• e.g. primary school
      • Pupil numbers
      • Small (one cell)
      • Term dates, school day
      • Catchment area (modelled time/space)
  • 15. Time profile example – school 00 06 12 18 00 Time of day Population In transit Present
  • 16. Basic space-time interpolation algorithm
    • Specify study area a and time t
    • Identify background layer b (cells that can contain population) for time t
    • Adjust for external visitors in/out of a at time t
    • Examine each destination centroid i to identify populations p in local extent d and area of influence j at time t
    • Transfer required populations from origin to destination centroids within areas of influence j
    • Redistribute p across d for every centroid , constrained by b
    study area a time t background layer b - visitors out + visitors in area of influence j local extent d centroid i
  • 17. Data sources
  • 18. What do current data sources cover? Total population +/- external visitors Private dwellings Non-residential Communal ests. Transport Education Employment Residential Temp accomm. Generalized local Family/social Retail Leisure Tourism Healthcare Rail Metro/subway Air Water Road - Census, Mid-Year Population Estimates (MYEs) - Census, Mid-Year Population Estimates (MYEs) Locations Data Sources
  • 19. Data sources for all non-residential 24% 49% Total population +/- external visitors Private dwellings Non-residential Communal ests. Transport Education Employment Residential Temp accomm. Generalized local Family/social Retail Leisure Tourism Healthcare Rail Metro/subway Air Water Road - Census, Mid-Year Population Estimates (MYEs) - Census, Mid-Year Population Estimates (MYEs) - Neighbourhood Statistics, DCSF EduBase, HESA - Census, Annual Business Inquiry, QLFS - VisitBritain, Annual Business Inquiry - VisitBritain - Annual Business Inquiry, commercial sources - ALVA Visitor Statistics, DCMS - ALVA Visitor Statistics, DCMS - Hospital Episode Statistics - National Rail station usage data - DfT Light Rail Statistics, TfL Tube customer metrics - CAA UK Airport Statistics - DfT Sea Passenger Statistics , London River Services - DfT Road Statistics, Annual Average Daily Flow Locations Data Sources -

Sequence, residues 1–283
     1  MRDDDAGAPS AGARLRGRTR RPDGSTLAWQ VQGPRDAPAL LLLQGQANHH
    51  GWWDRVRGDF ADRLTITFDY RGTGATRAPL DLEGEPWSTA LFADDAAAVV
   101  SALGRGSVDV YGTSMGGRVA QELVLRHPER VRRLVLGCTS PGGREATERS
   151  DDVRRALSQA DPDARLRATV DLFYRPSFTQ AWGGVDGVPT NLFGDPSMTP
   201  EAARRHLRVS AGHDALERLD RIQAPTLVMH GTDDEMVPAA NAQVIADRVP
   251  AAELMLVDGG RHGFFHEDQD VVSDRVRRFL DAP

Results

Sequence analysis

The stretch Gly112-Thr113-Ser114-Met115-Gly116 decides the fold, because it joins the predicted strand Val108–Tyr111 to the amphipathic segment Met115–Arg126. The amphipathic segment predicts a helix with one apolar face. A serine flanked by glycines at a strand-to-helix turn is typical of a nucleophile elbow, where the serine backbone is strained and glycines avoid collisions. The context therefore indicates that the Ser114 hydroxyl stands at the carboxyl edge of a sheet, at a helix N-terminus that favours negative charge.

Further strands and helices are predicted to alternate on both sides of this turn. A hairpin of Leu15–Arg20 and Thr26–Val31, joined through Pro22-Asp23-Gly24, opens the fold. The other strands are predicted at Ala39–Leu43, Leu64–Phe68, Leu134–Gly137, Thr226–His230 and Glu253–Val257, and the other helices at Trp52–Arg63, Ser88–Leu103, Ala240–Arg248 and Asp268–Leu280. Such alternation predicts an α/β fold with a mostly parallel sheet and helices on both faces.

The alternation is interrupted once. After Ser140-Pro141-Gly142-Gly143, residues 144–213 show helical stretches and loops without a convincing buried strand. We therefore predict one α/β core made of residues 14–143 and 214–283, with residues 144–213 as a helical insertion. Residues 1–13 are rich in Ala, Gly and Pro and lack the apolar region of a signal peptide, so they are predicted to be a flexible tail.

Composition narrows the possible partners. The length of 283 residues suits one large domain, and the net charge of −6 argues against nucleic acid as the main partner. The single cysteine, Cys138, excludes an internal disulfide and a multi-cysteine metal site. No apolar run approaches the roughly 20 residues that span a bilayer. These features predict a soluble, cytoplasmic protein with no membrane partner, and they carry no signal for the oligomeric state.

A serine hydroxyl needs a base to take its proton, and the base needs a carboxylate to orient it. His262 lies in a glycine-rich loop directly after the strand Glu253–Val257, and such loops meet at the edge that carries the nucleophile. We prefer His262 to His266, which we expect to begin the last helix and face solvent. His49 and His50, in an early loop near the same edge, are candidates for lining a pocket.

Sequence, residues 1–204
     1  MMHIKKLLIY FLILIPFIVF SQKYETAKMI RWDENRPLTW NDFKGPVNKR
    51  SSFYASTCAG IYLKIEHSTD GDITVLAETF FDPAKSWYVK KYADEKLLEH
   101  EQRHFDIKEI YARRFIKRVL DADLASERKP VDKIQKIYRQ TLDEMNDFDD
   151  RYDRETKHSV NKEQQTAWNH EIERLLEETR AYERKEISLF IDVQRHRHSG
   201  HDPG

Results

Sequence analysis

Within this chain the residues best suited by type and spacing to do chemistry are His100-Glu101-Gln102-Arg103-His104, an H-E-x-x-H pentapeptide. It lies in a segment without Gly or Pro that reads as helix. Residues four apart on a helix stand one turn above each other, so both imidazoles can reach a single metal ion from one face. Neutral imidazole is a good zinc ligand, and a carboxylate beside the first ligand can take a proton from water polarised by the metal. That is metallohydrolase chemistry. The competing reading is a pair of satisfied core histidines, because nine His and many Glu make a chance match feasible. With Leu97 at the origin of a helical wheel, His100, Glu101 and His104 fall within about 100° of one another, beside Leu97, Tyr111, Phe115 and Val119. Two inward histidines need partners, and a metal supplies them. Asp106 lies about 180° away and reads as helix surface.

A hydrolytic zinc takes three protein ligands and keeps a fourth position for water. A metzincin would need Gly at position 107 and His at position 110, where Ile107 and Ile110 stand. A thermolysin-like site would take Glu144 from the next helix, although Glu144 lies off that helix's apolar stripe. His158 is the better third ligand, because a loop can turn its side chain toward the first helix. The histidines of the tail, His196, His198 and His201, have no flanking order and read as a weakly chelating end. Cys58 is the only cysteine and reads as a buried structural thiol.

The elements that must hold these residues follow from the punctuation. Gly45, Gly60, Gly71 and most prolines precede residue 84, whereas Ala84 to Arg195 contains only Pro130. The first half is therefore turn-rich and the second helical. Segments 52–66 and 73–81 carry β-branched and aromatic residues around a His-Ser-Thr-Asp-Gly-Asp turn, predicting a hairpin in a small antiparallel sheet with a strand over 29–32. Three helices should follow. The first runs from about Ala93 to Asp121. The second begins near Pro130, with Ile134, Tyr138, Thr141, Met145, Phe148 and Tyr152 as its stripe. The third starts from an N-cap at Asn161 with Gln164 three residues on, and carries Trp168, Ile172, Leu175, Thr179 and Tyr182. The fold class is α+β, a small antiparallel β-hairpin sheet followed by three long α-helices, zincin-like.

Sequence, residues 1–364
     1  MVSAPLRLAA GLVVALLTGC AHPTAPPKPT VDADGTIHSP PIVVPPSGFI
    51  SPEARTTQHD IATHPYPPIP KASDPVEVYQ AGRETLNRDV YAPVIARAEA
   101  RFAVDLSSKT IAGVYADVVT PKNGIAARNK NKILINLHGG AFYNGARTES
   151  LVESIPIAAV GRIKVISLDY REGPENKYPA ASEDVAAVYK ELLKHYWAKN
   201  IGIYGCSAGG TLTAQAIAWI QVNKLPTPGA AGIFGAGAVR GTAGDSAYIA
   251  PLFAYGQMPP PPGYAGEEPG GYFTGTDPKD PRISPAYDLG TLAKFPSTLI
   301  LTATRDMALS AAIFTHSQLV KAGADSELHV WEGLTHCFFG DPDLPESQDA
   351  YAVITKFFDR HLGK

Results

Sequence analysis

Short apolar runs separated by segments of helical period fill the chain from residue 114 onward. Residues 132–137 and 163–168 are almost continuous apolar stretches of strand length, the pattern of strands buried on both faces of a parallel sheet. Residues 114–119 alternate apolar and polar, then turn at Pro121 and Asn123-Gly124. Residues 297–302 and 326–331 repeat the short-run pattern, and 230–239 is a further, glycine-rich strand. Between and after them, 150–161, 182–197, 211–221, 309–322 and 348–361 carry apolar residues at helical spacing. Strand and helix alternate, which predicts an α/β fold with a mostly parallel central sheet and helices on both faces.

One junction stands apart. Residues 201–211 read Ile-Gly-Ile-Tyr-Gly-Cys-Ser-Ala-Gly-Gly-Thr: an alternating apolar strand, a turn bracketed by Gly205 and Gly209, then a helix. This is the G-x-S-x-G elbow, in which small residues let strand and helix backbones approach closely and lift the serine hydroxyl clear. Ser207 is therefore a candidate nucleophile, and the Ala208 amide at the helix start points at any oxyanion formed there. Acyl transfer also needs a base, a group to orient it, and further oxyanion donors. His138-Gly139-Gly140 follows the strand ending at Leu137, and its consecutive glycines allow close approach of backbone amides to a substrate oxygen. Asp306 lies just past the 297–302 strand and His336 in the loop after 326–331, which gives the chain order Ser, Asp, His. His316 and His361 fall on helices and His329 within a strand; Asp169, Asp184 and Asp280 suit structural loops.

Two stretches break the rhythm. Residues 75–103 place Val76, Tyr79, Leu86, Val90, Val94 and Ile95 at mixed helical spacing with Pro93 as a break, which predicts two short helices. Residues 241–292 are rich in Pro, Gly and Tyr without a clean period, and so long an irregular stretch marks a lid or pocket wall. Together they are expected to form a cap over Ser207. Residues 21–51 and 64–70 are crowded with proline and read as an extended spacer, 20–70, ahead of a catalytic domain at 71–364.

• 20. Time profiles
    • Variety of sources, but only need reasonable reference time profiles for each type of activity – more detail can be added for specific sites or further subdivision of activity later
    • Quarterly Labour Force Survey for workforce time profiles (daytime, evening, night working, hours worked, days worked by SIC categories)
    • Opening hours by various services readily obtainable (schools, etc.)
    • Timetable data for major transportation nodes provides daily profile of associated activities
  • 21. Timetable Examples
  • 22. Background layer: land use/transportation
    • Need some kind of base layer which determines where people can be if they are not at a recognized reference location
    • This mostly refers to the transportation network, which contains variable and sometimes very high populations, mostly time-dependent
    • Should also identify very low-density areas (open water, mountains, cornfields) whose population is effectively zero at all times
    • We use ITN and DfT AADF x road, vehicle, area types
  • 23. Empirical example
  • 24. Study area and early results
    • Using existing model with pre-prepared data extracts for specific time slices (SurfaceBuilder program)
    • Demonstration data are not fully calibrated: time-space interpolation program currently being written in .Net using existing and new code components
    • 25 x 25 km, 200m grid cells, 2006 mid-year reference date
    • Contains City of Southampton, open water, New Forest, separate smaller towns (Romsey, Eastleigh), motorway, railway, airport, in-town and out-of-town business districts, residential development
  • 25. Centroid set
    • 1696 census OAs
    • 3329 workplaces
    • 211 schools and colleges
    • 2 universities
    • Hospitals, stations, airport, etc.
  • 26. Transport
    • Rasterised MasterMap ITN layer